04 March, 2006

The root(s) of all evil

For the last few days I have been traveling around Iraq visiting several Iraqi headquarters and their Ministry of Defense. My job has been to get some profiles on the various personalities and processes the Iraqi Air Force has to work with. My impressions along with other advisors are being consolidated as a report on Iraqi military fitness.

That is not important.

What is important is that I have faced the root (or roots, there are three) of all that is evil…

Broccoli, cauliflower and tomatoes...

While visiting one of the offices in the Ministry of Defense I was invited to have a light meal with the deputy for the operations division. A nice colonel named Amir politely ushered me into the office and offered me tea. Arabic tea is one of the bright spots in my day as it is quite good and makes for a starting point for a conversation. As we sipped our tea we exchanged some pleasantries (via an interpreter, the colonel’s English required occasional support, typical in my dealings and not a criticism by any means) and discussed what we would be talking about.

Then the orderly (colonels get orderlies) brought in a plate of food…

On this plate was what I take to be Iraqi focaccia. You probably have had it at an Italian restaurant of course, thick bread with cheese and sometimes some vegetables, mostly tomatoes. I tend to avoid it unless I can have it my way, without tomatoes.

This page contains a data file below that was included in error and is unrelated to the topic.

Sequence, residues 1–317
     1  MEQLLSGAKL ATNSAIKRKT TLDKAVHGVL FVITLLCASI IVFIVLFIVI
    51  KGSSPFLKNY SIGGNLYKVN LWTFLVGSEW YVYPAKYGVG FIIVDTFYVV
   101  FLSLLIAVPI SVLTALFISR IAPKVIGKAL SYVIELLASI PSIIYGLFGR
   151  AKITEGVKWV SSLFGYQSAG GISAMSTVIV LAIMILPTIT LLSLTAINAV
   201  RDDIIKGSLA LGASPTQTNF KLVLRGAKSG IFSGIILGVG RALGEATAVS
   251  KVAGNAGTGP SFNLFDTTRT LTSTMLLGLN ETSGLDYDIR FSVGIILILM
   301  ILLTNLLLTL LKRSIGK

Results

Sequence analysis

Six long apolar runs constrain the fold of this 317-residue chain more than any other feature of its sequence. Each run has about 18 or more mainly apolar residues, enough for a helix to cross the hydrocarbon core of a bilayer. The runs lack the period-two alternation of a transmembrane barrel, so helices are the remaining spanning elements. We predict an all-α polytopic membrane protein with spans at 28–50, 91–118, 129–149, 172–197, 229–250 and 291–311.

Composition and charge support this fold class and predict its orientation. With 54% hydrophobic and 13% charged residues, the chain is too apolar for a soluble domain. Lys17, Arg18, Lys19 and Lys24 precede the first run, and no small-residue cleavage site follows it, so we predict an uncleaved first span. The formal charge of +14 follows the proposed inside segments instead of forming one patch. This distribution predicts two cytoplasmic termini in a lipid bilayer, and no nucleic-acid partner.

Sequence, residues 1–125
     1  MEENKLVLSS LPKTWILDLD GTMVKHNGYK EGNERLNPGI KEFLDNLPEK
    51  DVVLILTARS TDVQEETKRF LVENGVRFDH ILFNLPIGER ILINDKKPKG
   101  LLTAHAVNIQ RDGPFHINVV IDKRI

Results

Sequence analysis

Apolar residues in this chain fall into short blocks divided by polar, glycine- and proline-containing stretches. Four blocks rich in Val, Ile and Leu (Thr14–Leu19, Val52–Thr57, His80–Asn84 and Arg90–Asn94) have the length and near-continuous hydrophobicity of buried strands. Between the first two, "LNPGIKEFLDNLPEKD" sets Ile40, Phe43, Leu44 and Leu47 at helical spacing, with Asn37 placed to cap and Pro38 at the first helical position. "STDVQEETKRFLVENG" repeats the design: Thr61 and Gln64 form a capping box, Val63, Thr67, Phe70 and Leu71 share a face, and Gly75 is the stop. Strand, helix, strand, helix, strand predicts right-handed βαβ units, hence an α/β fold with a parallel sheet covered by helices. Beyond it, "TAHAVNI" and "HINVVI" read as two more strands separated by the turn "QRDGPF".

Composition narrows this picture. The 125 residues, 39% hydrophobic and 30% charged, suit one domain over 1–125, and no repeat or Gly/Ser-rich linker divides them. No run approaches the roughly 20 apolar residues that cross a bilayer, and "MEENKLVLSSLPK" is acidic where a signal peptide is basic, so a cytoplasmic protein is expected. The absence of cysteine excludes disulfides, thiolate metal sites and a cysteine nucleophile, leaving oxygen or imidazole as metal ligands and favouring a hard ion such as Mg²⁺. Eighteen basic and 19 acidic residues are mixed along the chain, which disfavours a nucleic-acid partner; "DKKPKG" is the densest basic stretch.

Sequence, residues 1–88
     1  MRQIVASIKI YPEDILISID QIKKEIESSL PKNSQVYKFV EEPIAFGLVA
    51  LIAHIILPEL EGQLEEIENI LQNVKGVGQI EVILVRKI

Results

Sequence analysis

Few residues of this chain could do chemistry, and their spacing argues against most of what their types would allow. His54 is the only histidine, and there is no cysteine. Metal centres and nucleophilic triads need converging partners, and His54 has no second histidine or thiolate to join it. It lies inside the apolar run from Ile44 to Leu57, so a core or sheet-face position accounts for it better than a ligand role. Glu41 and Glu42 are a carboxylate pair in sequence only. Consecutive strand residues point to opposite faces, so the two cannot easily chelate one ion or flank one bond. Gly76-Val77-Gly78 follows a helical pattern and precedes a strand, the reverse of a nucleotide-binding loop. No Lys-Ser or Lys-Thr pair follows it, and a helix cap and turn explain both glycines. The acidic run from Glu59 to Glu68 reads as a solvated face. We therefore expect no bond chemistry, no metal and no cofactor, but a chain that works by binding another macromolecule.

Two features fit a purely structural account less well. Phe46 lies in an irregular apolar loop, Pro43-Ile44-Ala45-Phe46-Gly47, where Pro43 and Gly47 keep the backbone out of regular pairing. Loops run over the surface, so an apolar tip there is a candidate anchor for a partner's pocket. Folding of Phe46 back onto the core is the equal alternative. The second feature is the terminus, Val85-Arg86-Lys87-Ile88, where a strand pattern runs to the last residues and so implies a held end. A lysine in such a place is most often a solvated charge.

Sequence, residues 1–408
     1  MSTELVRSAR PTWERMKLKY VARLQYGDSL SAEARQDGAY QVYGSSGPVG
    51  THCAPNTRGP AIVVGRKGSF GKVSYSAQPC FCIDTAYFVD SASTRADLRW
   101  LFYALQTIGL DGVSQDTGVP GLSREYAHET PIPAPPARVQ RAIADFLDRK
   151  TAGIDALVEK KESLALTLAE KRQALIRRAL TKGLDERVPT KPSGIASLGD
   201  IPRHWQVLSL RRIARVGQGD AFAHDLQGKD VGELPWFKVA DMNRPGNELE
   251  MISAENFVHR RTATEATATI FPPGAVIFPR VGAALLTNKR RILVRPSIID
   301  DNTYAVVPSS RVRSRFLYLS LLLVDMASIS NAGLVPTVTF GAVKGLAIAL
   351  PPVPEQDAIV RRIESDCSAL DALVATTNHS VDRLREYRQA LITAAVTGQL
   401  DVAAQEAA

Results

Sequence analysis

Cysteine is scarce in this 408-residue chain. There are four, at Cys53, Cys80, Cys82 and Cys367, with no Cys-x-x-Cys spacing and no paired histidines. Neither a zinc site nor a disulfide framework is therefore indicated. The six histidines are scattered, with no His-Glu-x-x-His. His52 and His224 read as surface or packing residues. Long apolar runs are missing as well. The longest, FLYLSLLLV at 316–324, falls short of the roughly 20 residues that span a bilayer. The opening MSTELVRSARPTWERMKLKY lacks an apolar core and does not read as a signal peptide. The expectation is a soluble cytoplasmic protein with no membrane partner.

The Iraqi intelligence service must have a dossier on me since this particular piece of bread was covered with chopped broccoli, cauliflower and tomatoes...

Covered is such and inadequate word… More like freaking slathered on in huge heaping shovel loads! You couldn’t put another particle on top without it revealing an inherent instability not unlike Enron’s financial situation before the collapse. I was simply aghast!

We were taught in our Arabic sensitivity classes (me sensitive, HA!) that when offered food we must be absolutely thrilled at the presentation and consume it with relish and comment on the exquisite taste and generosity of our host.

It was at this point General Q___, chief of Iraqi Air Force operations strode in to join us along with his entourage. He was going to snack with us.

…I was doomed.

The colonel of course cuts me a huge slice of this thing. And with a sense of great pride at his staff kitchen’s accomplishment puts it on a plate and places it before me. Even before General Q___. At this point I am thinking I’ve got thirty rounds, I’d probably be able to get to the door and maybe make it to the HUMMV.

The General (obviously sensing my discomfiture) speaks in a deep basso voice via the interpreter “Ah, this is my favorite, please go ahead and eat Major.”

The things I do for my country…

After my nightmarish meal our conversation turned to business. As I mentioned the General had arrived with a small entourage of hanger-on’ers and they were all talking at once. It was difficult for me to hear the interpreter. In an attempt to lighten the mood (and get my mind off the churning in my stomach) I commented to the General that since we were both folically challenged it was an indication of “our intelligence and knowledge on these matters and is what has caused us to be so hair negative. Perhaps it would be best if we were the only ones speaking right now.”

The interpreter passed on my comment to Q___ and several people laughed at the joke. Not a very good joke but the Iraqi’s are nothing if not polite. Q___ didn’t smile at all but spoke in his deep voice. All talking stopped.

“The General, he says… Yes, only the bald men may speak.”


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